Coughlin Stoia Attempts to Stop Backdating Settlements

A storm is brewing in the options backdating derivative case against Maxim Integrated Products and its officers and directors. The National Law Journal reports that settlement papers were filed this month in Delaware state court, but Coughlin Stoia, which has a pending federal case against the same defendants, wants no part of the deal. (Subscription required.) The firm was shut out of settlement discussions in the state case, and has filed a motion in the Northern District of California to stop the deal from going forward, arguing that the Delaware state court lacks jurisdiction over Coughlin's federal claims.

Clint Krislov of Krislov & Associates in Chicago, who represents the plaintiffs in Delaware, told the NLJ that Coughlin has no justification for its attempt to block the state court deal. "They can't really assert any wrongdoing, and they don't appear to have any claims that would give them any greater relief than we can obtain," Krislov said.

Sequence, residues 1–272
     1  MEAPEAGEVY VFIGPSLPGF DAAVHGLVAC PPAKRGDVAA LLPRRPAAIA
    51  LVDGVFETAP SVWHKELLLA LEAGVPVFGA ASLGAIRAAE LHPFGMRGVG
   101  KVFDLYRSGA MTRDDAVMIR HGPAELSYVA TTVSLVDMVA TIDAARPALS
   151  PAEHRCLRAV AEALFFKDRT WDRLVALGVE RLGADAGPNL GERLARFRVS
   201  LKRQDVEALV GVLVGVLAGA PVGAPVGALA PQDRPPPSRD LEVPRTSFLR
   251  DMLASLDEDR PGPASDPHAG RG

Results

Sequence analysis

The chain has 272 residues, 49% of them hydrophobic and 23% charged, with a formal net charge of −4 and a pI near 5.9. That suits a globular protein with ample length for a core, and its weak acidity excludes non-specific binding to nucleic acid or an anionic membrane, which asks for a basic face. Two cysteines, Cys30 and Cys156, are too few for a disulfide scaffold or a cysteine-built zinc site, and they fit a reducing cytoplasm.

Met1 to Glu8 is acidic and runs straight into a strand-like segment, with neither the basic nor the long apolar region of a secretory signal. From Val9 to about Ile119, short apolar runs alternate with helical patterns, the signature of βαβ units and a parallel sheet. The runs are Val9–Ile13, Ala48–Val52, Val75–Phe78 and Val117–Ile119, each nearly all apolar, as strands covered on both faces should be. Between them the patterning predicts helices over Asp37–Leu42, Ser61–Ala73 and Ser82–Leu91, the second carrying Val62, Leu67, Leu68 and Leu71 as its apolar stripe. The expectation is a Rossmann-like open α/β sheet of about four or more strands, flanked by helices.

Nor is Coughlin's attempt to halt a settlement an isolated event, according to the National Law Journal. This firm is also trying to stop a deal in a backdating case involving Affiliated Computer Services. Orrin Harrison of Akin Gump Strauss Hauer & Feld, who represents ACS, explained Coughlin's maneuver in succinct terms. "They want attorneys fees," he said.

But Coughlin Stoia partner Darren Robbins told the National Law Journal that it's the defendants who are maneuvering. He told the NLJ that Maxim and ACS rushed to settle in Delaware to avoid facing a powerful firm (such as Coughlin Stoia) and sophisticated institutional plaintiffs (such as the kind of client Coughlin represents) that could push for a better deal. "It's a practical maneuver by the defendant," he said.